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Lita giving back to MCW females

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ABC 2 news recently profiled WWE hall of fame diva Lita (aka Amy Dumas) on their website. They took a special look at how she was helping out the next generation of female wrestlers. Read the excerpt here:

For Jessika Heiser, a big reason she decided to become a professional wrestler came on Dec. 6, 2004.

It was on that date that she saw a WWE Raw episode in which two females – Lita and Trish Stratus – wrestled each other in the main event. Unlike many matches involving females, the pair performed many high risk maneuvers, including dives from the rink to the concrete floor.

Heiser said she knew that she wanted to one day follow their path into the ring; something the 23-year-old has accomplished as a regular with Maryland Championship Wrestling.

“At the time, I thought how kick [butt]it was for women to be rocking the main event of the night, but I appreciate it so much more now that I’m trying to get there,” said Heiser, known as Jessie Kaye in MCW.

Heiser didn’t realize at the time just how similar a path she would follow compared to one of the wrestlers in that match.

Lita, whose real name is Amy Dumas, got one of her early breaks training at Bone Breakers; a school ran at the time by MCW owner Dan McDevitt. She would later appear on MCW cards before reaching making it to the WWE in 1999. She was later joined in WWE by fellow MCW alum Mickie James.

Dumas retired from wrestling in 2006, but she has made several appearances across the country, including recently for MCW, where she met fans and served as a guest referee last month in a match between local wrestlers Renee Michelle and Amber Rodriguez. She will be back with MCW Friday and Saturday when the promotion holds cards in Waldorf and Harrington, Del. respectively.

“To learn that Lita, one of those women that I idolized, grew her roots in the same company I did is insane,” Heiser said. “She completely revolutionized women’s wrestling and there are no words for me to express how grateful I am for her hard work, sacrifice, and her willingness even today in 2014 to work with us and make us as women even better.”

Dumas, 39, has kept a relatively low profile since retiring from the WWE. While she said she doesn’t miss the ring, she has not forgotten all the business gave her. She was especially appreciative of those that helped her along the way, including McDevitt and MCW, who she singled out during her WWE Hall of Fame speech.

“It’s great to see MCW still going strong,” Dumas said. “They saw something special in me and I slept on their couches many nights when I was coming up on the independent scene. I’m glad I’m able to give back to them and my fans now in a way I was never able to in the WWE.”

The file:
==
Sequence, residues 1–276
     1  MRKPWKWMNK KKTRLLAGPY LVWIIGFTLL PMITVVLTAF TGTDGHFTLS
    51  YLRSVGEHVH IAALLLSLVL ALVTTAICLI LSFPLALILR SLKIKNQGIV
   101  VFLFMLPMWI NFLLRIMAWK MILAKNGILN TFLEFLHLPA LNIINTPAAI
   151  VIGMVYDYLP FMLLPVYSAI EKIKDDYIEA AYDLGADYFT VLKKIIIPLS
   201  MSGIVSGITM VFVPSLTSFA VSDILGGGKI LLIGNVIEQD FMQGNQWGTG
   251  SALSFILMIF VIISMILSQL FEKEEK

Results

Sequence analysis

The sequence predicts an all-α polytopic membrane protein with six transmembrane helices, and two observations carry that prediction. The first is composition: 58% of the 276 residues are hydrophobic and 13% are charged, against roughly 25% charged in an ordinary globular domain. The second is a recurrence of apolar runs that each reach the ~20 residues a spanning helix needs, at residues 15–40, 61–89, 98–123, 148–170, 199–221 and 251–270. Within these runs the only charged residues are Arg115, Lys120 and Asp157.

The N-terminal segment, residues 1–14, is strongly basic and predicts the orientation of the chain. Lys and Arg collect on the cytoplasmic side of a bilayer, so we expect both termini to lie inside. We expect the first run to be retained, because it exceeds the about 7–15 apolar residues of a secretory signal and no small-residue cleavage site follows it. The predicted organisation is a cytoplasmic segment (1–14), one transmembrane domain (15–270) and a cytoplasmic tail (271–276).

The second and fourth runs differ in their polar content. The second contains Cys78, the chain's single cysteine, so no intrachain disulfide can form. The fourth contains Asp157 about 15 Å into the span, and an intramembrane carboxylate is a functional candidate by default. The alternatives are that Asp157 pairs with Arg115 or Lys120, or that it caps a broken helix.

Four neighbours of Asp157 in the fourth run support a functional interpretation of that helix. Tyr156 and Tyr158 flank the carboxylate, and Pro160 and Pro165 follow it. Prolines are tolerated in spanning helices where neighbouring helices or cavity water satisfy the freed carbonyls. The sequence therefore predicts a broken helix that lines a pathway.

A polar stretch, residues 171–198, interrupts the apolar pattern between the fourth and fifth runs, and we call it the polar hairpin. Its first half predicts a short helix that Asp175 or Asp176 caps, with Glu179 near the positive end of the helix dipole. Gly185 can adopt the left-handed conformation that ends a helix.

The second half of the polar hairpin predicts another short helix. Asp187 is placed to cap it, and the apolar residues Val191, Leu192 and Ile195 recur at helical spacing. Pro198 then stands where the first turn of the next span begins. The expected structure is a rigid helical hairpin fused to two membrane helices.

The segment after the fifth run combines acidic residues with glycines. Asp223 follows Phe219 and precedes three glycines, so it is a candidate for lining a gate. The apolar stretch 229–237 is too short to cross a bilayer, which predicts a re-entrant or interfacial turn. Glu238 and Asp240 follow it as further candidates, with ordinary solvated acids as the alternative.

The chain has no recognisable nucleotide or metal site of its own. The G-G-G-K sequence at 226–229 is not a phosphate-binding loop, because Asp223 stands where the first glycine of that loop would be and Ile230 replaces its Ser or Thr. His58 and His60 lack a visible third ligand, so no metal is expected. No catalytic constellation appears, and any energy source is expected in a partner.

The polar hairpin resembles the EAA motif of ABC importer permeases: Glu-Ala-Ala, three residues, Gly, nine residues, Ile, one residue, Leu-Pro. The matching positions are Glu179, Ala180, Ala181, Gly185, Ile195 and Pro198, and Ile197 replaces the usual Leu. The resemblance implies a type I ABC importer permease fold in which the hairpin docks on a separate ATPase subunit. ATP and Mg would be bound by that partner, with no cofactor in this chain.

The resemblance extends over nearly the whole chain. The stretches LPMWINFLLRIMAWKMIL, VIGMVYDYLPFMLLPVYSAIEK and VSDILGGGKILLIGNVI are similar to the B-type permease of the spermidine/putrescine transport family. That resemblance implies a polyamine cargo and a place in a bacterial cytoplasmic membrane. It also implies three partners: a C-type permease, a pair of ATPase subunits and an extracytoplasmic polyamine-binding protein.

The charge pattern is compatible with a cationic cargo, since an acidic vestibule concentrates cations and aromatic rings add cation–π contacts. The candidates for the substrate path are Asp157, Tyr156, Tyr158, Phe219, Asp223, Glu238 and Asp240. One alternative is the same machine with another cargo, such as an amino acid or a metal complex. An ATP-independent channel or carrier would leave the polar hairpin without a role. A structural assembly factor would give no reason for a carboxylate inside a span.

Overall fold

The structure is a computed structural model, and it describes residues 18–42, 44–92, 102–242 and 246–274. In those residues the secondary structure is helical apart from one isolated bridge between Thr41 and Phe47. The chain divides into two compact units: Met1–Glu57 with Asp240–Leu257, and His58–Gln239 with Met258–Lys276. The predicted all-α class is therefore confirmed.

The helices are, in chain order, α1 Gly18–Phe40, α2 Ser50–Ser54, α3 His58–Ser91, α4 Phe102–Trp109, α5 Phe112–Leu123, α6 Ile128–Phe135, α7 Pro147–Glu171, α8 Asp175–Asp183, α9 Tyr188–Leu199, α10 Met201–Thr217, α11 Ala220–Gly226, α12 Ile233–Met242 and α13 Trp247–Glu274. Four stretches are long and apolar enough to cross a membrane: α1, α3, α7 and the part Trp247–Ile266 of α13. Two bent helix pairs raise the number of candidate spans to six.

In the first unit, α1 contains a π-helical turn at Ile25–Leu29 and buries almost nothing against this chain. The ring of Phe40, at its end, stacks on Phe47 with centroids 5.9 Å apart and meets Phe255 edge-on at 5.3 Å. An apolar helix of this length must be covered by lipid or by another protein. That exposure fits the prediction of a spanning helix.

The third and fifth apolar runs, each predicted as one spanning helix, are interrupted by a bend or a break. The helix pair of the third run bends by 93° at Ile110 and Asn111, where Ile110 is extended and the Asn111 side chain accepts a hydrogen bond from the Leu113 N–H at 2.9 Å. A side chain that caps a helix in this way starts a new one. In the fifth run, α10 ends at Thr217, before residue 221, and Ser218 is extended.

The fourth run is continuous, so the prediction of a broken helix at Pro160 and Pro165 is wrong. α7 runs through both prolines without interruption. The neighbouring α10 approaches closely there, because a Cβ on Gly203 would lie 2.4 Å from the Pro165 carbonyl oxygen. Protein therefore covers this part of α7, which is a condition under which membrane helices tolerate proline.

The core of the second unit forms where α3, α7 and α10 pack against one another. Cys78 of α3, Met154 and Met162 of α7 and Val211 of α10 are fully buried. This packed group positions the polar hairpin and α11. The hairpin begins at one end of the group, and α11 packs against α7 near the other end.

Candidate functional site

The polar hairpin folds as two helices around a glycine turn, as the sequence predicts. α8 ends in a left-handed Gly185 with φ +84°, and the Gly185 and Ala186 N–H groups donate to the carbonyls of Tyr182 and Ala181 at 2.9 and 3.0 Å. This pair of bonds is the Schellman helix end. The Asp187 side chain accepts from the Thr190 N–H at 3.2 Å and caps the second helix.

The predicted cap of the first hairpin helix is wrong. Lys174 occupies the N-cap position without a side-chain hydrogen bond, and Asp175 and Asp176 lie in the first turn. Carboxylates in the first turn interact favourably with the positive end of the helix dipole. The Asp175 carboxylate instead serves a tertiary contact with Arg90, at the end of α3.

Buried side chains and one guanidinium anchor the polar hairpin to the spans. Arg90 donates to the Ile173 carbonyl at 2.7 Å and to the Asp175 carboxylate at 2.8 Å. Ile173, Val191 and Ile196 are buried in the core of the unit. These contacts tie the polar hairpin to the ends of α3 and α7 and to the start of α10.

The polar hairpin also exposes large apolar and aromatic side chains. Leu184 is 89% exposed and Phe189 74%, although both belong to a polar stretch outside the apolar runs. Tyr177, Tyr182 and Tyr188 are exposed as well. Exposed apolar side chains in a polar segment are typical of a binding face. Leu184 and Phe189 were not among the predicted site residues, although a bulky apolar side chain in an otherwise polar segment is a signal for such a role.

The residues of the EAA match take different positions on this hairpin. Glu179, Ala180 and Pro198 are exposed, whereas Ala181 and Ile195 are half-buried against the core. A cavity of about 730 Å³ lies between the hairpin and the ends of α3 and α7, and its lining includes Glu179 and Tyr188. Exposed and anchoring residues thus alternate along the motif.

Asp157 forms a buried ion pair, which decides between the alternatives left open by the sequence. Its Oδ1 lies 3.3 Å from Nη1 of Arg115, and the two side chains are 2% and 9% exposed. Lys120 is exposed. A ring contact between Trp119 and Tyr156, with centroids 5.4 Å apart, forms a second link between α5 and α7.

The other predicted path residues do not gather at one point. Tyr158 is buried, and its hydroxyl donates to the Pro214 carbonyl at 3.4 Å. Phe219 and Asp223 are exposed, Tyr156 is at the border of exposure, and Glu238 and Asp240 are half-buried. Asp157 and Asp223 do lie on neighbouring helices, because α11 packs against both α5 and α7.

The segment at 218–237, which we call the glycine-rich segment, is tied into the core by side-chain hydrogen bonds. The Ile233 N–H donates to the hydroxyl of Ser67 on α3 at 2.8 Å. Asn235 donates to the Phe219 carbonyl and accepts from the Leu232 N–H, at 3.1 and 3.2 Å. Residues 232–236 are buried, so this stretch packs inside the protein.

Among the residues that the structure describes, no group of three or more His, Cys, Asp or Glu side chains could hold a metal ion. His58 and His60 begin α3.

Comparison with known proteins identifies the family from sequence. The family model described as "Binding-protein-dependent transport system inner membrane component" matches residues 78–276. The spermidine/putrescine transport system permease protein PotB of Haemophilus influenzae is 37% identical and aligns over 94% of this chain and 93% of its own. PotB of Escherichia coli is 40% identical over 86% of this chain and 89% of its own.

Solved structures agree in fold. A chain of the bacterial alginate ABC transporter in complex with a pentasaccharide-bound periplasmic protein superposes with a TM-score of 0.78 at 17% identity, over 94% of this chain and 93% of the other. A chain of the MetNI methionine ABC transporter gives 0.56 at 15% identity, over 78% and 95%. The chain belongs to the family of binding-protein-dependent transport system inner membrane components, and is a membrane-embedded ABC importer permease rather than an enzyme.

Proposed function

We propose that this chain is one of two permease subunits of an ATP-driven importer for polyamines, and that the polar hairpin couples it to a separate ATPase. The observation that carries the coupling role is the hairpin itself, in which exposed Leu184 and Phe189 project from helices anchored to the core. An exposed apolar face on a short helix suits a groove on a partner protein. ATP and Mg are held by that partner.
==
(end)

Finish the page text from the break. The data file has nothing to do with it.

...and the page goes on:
The next generation

Rodriguez and Michelle are both glad to have had the opportunity to work with, and more importantly, learn from Dumas. Both are training at the MCW wrestling school in Joppa.

Rodriguez has been a lifelong wrestling fan and is the current MCW women’s champion. Despite being just 20, the Prince George’s County native has five years of experience. She started training after watching her brothers get into the business.

Currently, she is a member of the MCW group, Black Wallstreet, a “bad guy” faction which includes Chuck Lennox, her brother.

“I love being the bad girl,” Rodriguez said. “It’s allows me to be an extension of who I am. I’ve tried to model myself in many ways like Lita. She broke the mold of the ‘Barbie’ doll type female wrestler with her tattoos and outfits. She is someone I try to emulate all the way to the WWE.”

Michelle took a much different path to pro wrestling.

She was not a wrestling fan growing up, but became interested in it after being invited to a card a few years ago. She soon caught the attention of former WWE wrestler Duane Gill, a Pasadena native who ran a school in Anne Arundel County.

“I grew up doing martial arts and gymnastics and later got involved in modeling and acting,” Michelle said. “Once I saw wrestling, I realized that was a great way to combine all of those interests into one profession. I’ve come a long way, but I’m learning a lot and seeing what Lita accomplished makes me want to work harder.”

Giving back

Dumas said she has learned recently that even though it’s been eight years since she last wrestled in the WWE, she has influenced a whole new generation of woman who have watched her through YouTube and the WWE Network, an online endeavor that includes the promotions vast video library collection.

“I’m really enjoying the chance to get up close and personal with fans and up-and-coming wrestlers,” Dumas said. “It’s given me the chance to see how many lives I’ve impacted and that’s pretty special.”

“I was in the WWE during a special time when female wrestlers were given a chance to shine. I’m just now getting the chance to reflect on my career and what I accomplished. Now I have a chance to give back and help the next generation reach their goals too.”

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